The SASL SCRAM-* mechanism family has some very interesting features. In particular, it allows the server to store data enabling it to identify a user, without knowing the actual password, and even without being able to use this stored data to impersonate this user on another service. This is true even though the user may have used the same credentials on this third party service and if by extreme coincidence, this third party service used the same SASL mechanism, cryptographic hash function, salt and iteration count as the server. Thus this is a very secure mechanism which allows a user to trust a service for transmitting XMPP data, but avoiding to give it one's password (not necessarily because one think the service administrator may wish to impersonate you elsewhere, but also in case of database compromission). The following storage mechanism, named the same way as the corresponding SASL mechanism, allows the user to send only the strict required information for authentication to be possible without the server ever knowing the original password.
Note: the storage mechanism "SCRAM-XXX" for a given cryptographic hash function XXX, will allow a user to authenticate later to the service with the SASL mechanisms SCRAM-XXX, SCRAM-XXX-PLUS and PLAIN.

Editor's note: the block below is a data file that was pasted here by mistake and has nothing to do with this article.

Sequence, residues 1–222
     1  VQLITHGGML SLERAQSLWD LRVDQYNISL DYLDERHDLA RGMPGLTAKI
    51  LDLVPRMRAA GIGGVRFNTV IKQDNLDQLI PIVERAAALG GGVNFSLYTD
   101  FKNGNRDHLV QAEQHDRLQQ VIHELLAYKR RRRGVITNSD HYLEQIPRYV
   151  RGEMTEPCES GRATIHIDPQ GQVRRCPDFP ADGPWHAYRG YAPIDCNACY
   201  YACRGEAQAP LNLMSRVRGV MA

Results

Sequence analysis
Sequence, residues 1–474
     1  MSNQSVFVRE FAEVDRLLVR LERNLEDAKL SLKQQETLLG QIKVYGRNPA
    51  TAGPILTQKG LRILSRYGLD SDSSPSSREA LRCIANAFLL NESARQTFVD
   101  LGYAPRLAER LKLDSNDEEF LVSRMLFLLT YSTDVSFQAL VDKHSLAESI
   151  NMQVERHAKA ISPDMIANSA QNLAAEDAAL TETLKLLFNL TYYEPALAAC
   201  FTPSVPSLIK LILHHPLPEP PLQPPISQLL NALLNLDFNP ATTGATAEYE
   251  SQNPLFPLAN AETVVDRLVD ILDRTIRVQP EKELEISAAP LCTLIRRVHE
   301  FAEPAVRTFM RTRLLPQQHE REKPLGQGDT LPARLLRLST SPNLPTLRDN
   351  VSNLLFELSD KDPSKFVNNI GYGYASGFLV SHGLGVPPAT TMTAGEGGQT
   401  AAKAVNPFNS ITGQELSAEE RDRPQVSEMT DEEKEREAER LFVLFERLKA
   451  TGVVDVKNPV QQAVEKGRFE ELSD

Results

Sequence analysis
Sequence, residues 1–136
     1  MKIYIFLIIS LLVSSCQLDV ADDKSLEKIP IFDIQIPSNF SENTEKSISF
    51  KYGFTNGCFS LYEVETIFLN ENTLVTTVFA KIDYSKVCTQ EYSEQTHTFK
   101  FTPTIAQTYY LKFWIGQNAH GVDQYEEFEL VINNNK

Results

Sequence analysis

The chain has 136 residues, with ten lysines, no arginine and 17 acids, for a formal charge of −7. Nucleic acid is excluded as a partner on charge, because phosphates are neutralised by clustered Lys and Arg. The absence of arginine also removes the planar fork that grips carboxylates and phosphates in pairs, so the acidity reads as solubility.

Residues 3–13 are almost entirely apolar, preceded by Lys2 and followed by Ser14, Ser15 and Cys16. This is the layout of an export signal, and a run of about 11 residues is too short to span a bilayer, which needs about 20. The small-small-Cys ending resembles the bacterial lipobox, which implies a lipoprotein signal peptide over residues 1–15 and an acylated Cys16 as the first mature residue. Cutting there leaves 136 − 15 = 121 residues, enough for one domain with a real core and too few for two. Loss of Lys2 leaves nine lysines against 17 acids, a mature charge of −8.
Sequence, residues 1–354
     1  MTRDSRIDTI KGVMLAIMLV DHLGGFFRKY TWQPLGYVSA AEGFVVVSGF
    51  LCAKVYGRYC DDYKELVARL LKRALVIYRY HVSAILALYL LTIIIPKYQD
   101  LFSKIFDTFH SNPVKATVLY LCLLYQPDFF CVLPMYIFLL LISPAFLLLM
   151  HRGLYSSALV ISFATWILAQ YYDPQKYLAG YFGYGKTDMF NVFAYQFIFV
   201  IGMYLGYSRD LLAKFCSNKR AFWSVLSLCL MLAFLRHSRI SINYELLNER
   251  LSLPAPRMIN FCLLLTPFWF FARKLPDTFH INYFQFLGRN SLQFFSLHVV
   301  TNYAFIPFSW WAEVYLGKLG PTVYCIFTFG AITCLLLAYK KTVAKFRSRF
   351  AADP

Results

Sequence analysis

Note: when receiving the StoredKey and ServerKey, the server has no way to "test" these credentials, other than trying an authentication with the client. It is therefore the duty of the client to be sure of sending the right data, as corrupted data could block the user's account. Nevertheless the server can make a single minor check. Both StoredKey and ServerKey are the result of the hash computation, which has a defined result size. For instance, it will be 20 octets for SHA-1. As base64 codes 3 octets into 4 octets, both StoredKey and ServerKey will be 28 octets long for SCRAM-SHA1. If they are any other size, the account registration or modication must fail with <failure/> (and not be proposed for a retry. A client not able to output a rightly-sized output cannot be trusted on such a delicate operation).